In this emergence of the small town from its old isolation, nothing is more revealing than the efforts of the young people to escape from the thralldom of old traditions. The young people are naturally the storm center where the struggle between group practice and individual variation is being constantly waged. All local institutions and other means of control bring their influence to bear upon the rising generation, for unless the latter conform, the old continuity cannot be maintained. As long as access to the outside world remains difficult, the issue of this struggle is rarely in doubt. Here and there in the more benighted places, an exceptional individual may escape, but the rank and file of the young people fall ready victims to the social pressure to which they are subjected. It is true that today there is a decreasing number of communities sufficiently isolated to maintain absolute control. -A generation ago, however, many hundreds of small towns were so situated that their traditional sway was seldom successfully challenged. The first inroads upon their power frequently came about in a seemingly accidental manner without any general recognition of the significance of the new innovations. Sometimes the disturbing leaven was a broad-minded teacher or minister, the moving in of a progressive family, the coming of a railway, the building of good roads, the construction of a factory, the discovery of new sources of wealth, such as oil or coal, the use of automobiles, or some other factor that gave knowledge of the outside world or facilitated wider social contacts. Without such aid the first steps toward the emancipation of the young people would hardly have been possible. And this emancipation, it must be remembered, has gone forward very slowly except under the most favorable circumstances and rarely even today includes all areas of community life. Just how this process of change was actually initiated in several American communities is indicated in the examples that follow.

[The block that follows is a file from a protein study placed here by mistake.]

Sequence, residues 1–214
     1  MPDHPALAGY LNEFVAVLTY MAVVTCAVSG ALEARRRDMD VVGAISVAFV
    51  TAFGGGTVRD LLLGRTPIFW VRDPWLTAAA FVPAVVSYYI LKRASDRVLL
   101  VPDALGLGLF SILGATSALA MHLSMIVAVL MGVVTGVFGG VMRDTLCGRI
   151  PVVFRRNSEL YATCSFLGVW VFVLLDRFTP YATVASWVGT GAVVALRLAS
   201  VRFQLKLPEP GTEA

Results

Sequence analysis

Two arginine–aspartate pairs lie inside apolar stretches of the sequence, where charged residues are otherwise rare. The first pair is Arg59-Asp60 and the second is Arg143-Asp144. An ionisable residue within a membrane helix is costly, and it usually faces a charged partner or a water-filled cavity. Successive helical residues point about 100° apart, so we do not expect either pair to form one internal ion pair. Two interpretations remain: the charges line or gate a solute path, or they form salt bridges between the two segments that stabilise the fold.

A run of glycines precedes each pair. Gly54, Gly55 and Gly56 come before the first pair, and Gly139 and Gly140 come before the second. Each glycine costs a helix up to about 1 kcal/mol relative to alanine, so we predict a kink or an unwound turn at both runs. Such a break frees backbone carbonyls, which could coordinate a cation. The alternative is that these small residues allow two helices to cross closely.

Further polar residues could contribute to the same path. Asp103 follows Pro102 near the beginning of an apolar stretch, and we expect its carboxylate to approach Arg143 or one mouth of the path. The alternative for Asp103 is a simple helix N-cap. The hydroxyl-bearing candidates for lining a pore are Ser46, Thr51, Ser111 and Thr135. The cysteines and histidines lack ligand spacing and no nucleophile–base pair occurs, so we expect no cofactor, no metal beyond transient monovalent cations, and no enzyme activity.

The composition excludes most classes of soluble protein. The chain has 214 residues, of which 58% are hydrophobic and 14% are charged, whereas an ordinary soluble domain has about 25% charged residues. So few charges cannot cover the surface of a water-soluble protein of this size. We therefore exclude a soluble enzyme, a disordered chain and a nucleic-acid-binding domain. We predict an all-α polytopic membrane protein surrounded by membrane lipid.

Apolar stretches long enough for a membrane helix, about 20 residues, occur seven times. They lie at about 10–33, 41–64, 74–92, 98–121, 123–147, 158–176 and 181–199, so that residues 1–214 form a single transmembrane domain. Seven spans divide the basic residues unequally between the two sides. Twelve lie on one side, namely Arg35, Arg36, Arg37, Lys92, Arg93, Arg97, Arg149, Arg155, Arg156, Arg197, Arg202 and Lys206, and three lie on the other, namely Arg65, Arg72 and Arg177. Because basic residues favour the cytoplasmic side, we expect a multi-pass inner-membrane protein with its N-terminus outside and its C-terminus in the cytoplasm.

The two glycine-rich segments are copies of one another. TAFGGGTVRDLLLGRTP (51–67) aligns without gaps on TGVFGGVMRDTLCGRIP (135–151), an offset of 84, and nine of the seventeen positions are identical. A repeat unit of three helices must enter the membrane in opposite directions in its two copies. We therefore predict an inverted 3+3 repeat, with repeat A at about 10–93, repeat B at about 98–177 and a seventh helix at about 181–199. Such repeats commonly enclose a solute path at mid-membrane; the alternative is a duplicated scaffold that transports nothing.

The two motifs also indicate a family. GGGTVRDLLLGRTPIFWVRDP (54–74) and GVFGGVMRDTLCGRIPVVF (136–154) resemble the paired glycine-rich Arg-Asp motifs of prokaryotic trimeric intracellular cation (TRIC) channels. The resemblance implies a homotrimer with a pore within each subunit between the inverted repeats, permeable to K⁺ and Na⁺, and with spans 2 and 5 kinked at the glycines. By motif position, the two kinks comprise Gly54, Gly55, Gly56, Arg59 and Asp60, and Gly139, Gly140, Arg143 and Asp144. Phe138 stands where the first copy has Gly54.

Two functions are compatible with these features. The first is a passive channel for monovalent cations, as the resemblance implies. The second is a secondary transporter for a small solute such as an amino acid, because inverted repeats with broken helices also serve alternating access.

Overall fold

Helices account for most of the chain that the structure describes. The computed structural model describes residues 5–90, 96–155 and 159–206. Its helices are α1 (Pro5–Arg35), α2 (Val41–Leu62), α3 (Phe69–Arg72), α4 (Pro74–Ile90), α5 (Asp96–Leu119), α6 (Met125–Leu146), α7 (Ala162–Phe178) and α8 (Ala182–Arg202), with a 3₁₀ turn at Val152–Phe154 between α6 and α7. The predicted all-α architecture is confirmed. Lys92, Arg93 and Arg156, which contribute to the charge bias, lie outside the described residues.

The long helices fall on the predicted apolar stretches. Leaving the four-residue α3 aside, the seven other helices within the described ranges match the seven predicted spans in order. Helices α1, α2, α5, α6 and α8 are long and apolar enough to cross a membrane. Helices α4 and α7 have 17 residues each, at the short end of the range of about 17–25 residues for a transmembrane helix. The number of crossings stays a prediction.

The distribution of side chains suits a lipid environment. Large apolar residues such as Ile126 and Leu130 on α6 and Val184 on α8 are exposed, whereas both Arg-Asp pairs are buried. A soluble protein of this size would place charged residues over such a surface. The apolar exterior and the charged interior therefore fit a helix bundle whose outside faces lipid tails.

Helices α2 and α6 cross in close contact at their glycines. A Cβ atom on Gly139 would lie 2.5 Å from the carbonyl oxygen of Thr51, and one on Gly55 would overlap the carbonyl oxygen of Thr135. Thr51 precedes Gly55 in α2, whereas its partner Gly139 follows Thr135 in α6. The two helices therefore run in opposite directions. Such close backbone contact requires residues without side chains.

(1) The midwest, agricultural village of Milneberg with its surrounding farm territory afforded meager opportunities for satisfactory employment forty years ago. Its more intellectually in-